McCoy Tyner

Sample this concert
  1. 1Intro by George Wein01:29
  2. 2Song of the New World08:39
  3. 3I Want to Talk About You07:59
  4. 4The Promise10:28
Liner Notes

McCoy Tyner - piano

McCoy Tyner headlined a Carnegie Hall show at the 1978 Newport Jazz Festival titled "Three Pianos and Two Guitars," following fellow pianists Mary Lou Williams and Bill Evans on the bill along with the acoustic guitar duo of Larry Coryell and Philip Catherine. By this time, Tyner was several years removed from his tenure in the John Coltrane Quartet (1960-1965) and had been blazing new trails as a leader in his own right during the '70s.

Tyner was 40 and in fine form on this June 28th solo set at Carnegie Hall. On the forceful modal opener, "Song of the New World," he runs cascading lines with the right hand while slamming signature chordal statements with the left. And his avant-garde asides on this turbulent number are positively Cecil Taylor-esque. His stunning extrapolation on Billy Eckstine's "I Want to Talk About You," the gorgeous ballad immortalized on John Coltrane's 1965 Ballads album, is a virtuosic turn by the great pianist in full stride. And he summons up his most potent display of keyboard pyrotechnics on the closer, a passionate solo piano rendition of John Coltrane's "The Promise," which Tyner had recorded with Trane on the 1963 Impulse classic, Live at Birdland.

A Philadelphia native, McCoy Tyner was born on December 11, 1938 and began studying piano at age 13. Inspired by Bud Powell, he developed quickly and by age 18 was playing alongside co-leaders Benny Golson and Art Farmer in the Jazztet, which released its debut Meet the Jazztet in 1960. He joined John Coltrane's group later that year, replacing Steve Kuhn on keyboards, and was a mainstay of that groundbreaking quartet for the next five years, alongside bassist Jimmy Garrison and drummer Elvin Jones. During his incredibly productive tenure in the Coltrane Quartet, Tyner appeared on the saxophonist's important Atlantic albums including Coltrane Jazz, Coltrane Play the Blues, Coltrane's Sound and My Favorite Things. The potent quartet subsequently recorded a string of classic recordings for the Impulse label, including Live at the Village Vanguard, Impressions, Crescent and Love Supreme.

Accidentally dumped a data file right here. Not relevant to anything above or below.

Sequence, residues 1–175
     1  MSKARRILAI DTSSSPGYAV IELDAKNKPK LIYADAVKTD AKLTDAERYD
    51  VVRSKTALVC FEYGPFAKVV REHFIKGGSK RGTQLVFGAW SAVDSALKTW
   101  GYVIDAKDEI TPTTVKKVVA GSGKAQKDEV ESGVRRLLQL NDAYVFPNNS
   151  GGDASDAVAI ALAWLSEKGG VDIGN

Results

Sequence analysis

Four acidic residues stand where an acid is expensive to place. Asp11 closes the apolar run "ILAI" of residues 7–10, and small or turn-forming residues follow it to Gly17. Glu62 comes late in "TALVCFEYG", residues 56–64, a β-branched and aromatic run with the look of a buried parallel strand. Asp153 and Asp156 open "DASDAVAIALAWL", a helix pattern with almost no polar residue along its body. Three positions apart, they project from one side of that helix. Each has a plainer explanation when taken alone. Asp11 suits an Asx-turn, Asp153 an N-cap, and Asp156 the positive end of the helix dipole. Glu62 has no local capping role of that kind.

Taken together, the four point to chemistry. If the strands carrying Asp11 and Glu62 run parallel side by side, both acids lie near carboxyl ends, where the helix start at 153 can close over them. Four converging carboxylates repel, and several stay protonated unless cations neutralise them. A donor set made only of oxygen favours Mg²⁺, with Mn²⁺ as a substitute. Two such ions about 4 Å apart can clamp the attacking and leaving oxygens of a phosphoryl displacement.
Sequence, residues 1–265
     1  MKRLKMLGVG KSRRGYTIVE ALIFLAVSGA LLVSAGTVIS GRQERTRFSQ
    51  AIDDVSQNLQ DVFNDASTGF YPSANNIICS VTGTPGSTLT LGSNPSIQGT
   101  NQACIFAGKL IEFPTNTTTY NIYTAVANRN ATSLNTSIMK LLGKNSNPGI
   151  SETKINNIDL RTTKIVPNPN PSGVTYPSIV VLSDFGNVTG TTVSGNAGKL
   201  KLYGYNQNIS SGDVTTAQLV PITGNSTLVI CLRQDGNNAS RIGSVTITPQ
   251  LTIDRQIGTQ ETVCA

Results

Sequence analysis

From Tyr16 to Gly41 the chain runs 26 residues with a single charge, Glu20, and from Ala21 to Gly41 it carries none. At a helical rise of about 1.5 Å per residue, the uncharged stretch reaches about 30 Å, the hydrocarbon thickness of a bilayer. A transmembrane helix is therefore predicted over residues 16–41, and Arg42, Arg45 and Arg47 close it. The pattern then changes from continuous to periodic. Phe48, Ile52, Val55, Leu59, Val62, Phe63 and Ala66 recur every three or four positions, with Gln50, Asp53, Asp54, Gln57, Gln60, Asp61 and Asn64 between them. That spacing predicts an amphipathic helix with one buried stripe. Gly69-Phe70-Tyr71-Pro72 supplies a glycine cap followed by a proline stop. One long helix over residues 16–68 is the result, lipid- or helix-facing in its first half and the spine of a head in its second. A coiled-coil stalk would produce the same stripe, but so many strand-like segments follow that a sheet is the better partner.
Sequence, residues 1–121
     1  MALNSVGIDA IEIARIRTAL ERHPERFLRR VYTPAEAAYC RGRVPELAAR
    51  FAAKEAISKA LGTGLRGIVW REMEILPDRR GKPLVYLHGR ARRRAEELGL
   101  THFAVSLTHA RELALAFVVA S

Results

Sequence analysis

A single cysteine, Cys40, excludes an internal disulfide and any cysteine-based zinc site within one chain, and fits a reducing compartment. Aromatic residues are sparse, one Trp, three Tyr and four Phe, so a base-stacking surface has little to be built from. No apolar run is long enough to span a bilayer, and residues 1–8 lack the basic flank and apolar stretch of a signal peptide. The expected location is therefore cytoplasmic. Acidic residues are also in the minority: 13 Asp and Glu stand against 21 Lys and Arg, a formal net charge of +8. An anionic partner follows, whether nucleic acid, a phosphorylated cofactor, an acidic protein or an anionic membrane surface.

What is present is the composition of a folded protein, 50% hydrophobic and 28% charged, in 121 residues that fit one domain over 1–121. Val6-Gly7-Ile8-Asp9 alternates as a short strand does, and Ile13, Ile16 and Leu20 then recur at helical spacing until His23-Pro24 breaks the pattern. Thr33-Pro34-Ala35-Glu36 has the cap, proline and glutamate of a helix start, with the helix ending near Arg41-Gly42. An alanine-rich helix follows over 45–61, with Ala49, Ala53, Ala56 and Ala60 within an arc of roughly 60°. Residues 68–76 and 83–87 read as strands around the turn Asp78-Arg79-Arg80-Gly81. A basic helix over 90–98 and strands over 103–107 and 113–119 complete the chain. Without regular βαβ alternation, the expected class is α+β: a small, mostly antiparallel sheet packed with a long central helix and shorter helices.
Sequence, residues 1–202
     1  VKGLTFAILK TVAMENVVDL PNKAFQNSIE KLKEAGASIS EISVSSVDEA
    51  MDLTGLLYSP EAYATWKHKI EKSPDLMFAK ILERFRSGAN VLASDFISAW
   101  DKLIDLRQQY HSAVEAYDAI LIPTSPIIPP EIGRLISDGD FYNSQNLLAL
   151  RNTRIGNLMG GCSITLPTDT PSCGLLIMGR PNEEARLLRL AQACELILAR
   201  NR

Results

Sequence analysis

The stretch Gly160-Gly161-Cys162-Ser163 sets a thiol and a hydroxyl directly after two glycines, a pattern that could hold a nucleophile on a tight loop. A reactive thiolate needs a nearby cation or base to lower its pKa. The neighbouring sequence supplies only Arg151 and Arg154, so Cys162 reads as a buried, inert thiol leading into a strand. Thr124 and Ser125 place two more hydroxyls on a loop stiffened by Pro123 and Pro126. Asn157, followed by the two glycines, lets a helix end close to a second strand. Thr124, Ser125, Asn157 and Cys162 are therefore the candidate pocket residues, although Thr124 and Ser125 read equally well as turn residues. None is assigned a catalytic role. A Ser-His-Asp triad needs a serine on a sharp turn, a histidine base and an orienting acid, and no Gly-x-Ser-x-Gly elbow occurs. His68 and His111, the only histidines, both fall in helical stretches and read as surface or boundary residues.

Tyner also appeared on several important Blue Note recordings by saxophonists Wayne Shorter, Stanley Turrentine and Hank Mobley as well as trumpeters Lee Morgan, Donald Byrd and Freddie Hubbard. His own Blue Note recordings as a leader include 1967's The Real McCoy, 1968's Expansions and 1970's Extensions. Tyner continued to record prolifically as a leader through the '70s for the Milestone label. Through the '80s and '90s he toured and recorded in solo, trio, small group and big band settings. In recent years, he has recorded with a whole host of artists, including Joe Lovano, Christian McBride and Jeff "Tain" Watts (2007's Quartet) along with six-stringers John Scofield, Bill Frisell, Derek Trucks, Bela Fleck and Marc Ribot (on 2008's Guitars). His most recent recording is 2009's Solo, a collection of unaccompanied jazz standards on the Half Note label. At age 72, the grand master of piano remains on the scene, touring regularly with bassist Gerald Cannon and drummer Eric Kamau Gravatt as the McCoy Tyner Trio.

-Written by Bill Milkowski